“I thought that this warranted some kind of phone call from the university president,” said Benson’s mother, Alysia Benson. “I’m disappointed in how the university handled this.”

Benson’s mother said she was disappointed with the Community Standards process as well as Cary Anderson, Ed.D., associate provost and vice president for Student Life, for his conduct in a Nov. 12 meeting.

According to both Benson and Lodugnon, who also attended that Nov. 12 meeting, Anderson used the word n-word in full twice, once using the ending “a” and once using the ending “er.”

“He could have explained it without saying the n-word,” Lodugnon said. “He could have just said the n-word with the ‘er’ and the n-word with the ‘a.’ He didn’t actually have to say the word.”

Anderson released a written statement to The Hawk regarding his use of the word.

“In a broader discussion about campus culture, in an attempted of express [sic] my disappointment with the use of racist language around campus, I described student use of the N-word ending in R being replaced with the N-word ending in A,” Anderson wrote. “The actual words were described, and I have apologized for doing so.”

The Nov. 12 meeting was the only meeting Benson’s mother had with university officials.

“When he was saying how he’s uncomfortable with that word, it was just funny to me because he used it to tell us how uncomfortable he was,” Benson’s mother said.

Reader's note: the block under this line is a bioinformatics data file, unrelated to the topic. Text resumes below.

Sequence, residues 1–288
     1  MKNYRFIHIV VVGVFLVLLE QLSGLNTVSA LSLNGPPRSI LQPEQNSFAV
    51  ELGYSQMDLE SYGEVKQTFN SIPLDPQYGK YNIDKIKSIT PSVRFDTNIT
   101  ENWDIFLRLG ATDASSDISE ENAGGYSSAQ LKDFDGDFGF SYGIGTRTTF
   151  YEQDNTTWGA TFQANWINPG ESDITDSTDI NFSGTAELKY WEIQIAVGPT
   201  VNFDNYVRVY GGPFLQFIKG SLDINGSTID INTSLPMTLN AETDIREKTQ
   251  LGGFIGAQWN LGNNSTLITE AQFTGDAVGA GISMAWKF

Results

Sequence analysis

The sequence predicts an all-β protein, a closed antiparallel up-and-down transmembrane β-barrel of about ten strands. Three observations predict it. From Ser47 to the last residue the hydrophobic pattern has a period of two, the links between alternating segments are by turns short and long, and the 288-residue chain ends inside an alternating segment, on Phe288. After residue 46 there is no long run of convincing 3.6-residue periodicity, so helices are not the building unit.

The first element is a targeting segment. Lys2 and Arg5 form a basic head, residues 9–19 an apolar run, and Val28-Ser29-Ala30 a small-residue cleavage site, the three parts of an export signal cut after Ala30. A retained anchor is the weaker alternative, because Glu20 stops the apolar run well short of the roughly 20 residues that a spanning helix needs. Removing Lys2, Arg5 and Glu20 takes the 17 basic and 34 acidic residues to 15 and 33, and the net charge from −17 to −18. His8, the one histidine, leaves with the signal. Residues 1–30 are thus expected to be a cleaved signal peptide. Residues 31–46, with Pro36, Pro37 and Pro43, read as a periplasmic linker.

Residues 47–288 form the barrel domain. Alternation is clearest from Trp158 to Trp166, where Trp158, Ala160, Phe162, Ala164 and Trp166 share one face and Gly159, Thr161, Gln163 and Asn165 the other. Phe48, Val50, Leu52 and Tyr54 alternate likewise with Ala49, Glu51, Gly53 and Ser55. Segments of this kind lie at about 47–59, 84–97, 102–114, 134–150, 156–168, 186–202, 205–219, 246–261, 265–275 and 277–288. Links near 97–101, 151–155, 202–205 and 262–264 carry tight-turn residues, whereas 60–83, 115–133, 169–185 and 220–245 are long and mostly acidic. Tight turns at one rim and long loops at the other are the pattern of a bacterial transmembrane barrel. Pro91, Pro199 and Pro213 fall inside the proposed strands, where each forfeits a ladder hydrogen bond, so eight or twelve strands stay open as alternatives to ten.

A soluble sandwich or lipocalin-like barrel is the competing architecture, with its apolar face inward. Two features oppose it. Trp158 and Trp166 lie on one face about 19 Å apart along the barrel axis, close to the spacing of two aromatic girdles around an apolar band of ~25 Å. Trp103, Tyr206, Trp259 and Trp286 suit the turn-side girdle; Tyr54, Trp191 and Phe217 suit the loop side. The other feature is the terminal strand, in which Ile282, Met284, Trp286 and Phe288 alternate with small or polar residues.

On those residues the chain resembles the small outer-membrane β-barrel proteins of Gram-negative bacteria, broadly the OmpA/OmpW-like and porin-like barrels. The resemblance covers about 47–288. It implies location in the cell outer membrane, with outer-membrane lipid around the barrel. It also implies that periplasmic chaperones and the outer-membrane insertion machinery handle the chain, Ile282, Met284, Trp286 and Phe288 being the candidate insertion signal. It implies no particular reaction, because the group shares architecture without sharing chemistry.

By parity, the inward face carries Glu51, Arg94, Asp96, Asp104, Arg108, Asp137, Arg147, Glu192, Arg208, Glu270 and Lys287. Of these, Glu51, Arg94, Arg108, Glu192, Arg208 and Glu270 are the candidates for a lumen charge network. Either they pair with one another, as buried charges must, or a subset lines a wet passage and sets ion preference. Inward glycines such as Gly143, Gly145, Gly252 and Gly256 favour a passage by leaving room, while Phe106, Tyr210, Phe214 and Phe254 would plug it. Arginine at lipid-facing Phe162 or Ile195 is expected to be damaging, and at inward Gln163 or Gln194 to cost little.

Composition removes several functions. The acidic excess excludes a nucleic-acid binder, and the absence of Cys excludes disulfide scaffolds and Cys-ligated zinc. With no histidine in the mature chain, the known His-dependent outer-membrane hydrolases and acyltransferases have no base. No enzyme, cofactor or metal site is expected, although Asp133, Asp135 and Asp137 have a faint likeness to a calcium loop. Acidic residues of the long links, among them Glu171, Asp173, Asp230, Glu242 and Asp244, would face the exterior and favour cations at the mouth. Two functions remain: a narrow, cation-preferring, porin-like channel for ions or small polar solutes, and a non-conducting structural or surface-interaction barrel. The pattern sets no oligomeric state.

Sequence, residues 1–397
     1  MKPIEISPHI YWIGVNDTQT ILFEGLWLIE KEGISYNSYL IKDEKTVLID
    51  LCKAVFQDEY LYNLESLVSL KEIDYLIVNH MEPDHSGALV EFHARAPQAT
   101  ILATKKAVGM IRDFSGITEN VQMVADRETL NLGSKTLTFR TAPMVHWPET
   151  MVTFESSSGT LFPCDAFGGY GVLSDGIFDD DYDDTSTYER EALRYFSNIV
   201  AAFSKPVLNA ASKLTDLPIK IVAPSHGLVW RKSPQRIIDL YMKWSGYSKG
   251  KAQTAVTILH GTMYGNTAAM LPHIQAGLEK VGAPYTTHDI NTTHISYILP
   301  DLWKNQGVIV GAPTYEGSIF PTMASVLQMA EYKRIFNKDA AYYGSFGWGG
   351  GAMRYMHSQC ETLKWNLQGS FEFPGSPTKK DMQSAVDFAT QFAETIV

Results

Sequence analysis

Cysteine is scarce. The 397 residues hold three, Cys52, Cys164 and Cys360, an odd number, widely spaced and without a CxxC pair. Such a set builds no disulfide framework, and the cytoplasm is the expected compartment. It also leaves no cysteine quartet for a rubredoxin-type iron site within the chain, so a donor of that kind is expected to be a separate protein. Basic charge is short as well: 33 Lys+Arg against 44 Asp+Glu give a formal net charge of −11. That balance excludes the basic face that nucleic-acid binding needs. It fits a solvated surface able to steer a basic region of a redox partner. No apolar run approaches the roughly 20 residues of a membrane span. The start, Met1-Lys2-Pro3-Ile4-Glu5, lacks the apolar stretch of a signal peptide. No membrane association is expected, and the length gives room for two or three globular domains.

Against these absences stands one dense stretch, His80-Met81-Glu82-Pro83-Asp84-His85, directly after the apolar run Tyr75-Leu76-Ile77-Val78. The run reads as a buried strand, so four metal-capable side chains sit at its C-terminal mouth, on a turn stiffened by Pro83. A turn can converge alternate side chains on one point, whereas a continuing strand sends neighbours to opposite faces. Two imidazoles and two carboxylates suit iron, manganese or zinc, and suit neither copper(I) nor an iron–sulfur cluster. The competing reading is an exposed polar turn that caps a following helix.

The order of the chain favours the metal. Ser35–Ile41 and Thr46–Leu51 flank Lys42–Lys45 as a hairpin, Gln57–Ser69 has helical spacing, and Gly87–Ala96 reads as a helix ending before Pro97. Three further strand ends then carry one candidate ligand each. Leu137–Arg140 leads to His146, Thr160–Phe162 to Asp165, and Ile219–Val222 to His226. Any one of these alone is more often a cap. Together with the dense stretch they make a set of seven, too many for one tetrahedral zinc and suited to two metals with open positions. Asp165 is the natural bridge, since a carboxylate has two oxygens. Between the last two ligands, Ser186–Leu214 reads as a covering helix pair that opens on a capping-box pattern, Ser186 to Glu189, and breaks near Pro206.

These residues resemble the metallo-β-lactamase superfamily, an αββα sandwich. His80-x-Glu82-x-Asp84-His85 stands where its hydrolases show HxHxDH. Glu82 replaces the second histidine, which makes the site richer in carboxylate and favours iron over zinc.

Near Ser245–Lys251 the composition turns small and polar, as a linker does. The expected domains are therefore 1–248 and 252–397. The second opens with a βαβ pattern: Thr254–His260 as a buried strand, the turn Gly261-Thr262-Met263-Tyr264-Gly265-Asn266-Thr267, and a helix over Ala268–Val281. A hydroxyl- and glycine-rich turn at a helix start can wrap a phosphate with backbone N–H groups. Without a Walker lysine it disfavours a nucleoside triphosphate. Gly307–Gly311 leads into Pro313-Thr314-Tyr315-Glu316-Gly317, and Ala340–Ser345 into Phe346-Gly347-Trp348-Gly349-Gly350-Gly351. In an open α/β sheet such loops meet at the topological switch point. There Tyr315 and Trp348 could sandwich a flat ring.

Benson said she was shocked.

“I was also annoyed because I know he’s a grown man who should know not to say this in front of two African-American students that are going through that situation,” Benson said.

In the days that followed the publication of The Hawk article, both women said they were surprised by the support from fellow students and some faculty.

“I thought there was going to be a lot of people saying that it wasn’t the school’s fault,” Lodugnon said. “It was really nice to have a lot of people as upset about what happened as we were.”

Camille Lodugnon ’22 (left) and Alyvia Benson ’22 (right) sit next to each other at the BSU forum. PHOTO: LUKE MALANGA ’20/THE HAWK

The women also heard from other students of color who had experienced racism on campus.

“There’s so many incidents like ours,” Lodugnon said. “The only difference is that ours was in the newspaper. It’s not the first time it’s happened. It’s not the first time the school has pushed it under the rug.”

As previously reported by The Hawk, Benson and Lodugnon both asked Cary Anderson, Ed.D., associate provost and vice president of Student Life, for the student in question not to be allowed on their floor in Villiger.

On Nov. 27, Anderson notified the women that their request was granted and that they should notify Public Safety, Residence Life or Anderson if the student is on their floor.

That hasn’t helped Benson’s overall sense of security.

“This was my number one school coming in,” Benson said. “To me everything that’s happened from then until now, it definitely makes me feel like I would want to transfer in the future. I feel like if this happened to me, what worse could have happened and the school would have tried to cover it up?”